Nygren and Raid’s curious pilgrimage does not go unnoticed. Soon both cops and crooks are hard on their tails. Some crooks – old acquaintances of Nygren - believe he has a hidden stash of cash, and want to relieve him of it. And the cops cannot understand what the two men are up to, but suspect it can’t be anything but bad, so Detective Lieutenant Kempas wants the two men stopped, and sends his men out to hunt them down.

Harri Nykanen’s tale of this intriguing trek, which leaves a trail of wounded, dead and surprised, is delightful and original, and the plot is multi-layered and full of interesting twists and turns. The story is told in a laconic, quiet and somewhat subdued tone that I liked and though was very fitting to the tale of Nygren’s last journey. I enjoyed Raid and the Blackest Sheep, recommend it, and eagerly await the next installment in the series.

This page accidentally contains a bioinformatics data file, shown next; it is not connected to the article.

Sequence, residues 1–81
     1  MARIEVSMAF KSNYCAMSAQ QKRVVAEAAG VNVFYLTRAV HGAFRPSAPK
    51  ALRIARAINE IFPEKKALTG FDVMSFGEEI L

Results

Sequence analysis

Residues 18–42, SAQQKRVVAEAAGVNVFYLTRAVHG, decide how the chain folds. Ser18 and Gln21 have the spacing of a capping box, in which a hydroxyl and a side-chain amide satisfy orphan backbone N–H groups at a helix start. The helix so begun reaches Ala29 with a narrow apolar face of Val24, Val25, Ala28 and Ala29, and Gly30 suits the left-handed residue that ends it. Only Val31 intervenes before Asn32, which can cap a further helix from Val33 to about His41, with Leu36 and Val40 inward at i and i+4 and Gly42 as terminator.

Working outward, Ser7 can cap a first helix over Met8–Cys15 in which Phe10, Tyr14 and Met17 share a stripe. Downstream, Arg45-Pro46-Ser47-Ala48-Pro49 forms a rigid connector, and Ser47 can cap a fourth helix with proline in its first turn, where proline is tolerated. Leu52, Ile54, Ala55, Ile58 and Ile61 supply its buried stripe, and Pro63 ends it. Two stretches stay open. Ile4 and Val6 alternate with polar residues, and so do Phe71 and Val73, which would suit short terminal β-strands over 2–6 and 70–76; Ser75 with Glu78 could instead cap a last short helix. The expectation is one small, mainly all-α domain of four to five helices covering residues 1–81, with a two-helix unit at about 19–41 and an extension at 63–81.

Praise for Nykanen’s Raid series:

"Raid has a lot of the same quiet vengeance as the characters that Clint Eastwood creates on the silver screen. Both have the ability to make even murder seem justified." - Länsi-Suomi

"Two honest criminals contemplate the meaning of life... Nykänen writes clever dialogue and his laconic humour is an enjoyment for every reader" – Aamulehti

Nights of Awe (An Ariel Kafka Mystery), by Harri Nykänen

Nights of Awe, Harri Nykanen

Two Arabs are killed in Helsinki. It’s not every day that two people are murdered in Helsinki. That Arabs are killed in Helsinki is extremely rare. Perhaps even stranger than this, however, is the fact that the police inspector assigned to the case, Ariel Kafka, is a Jew. He is one of the few Jews in Finland, and one of the even fewer Jews in Finland working in the police force.

The two Arabs have died violent deaths. The first was stabbed and shot to death, and had his nose and ears removed afterwards. The other died falling from a railway bridge while being chased by the two killers.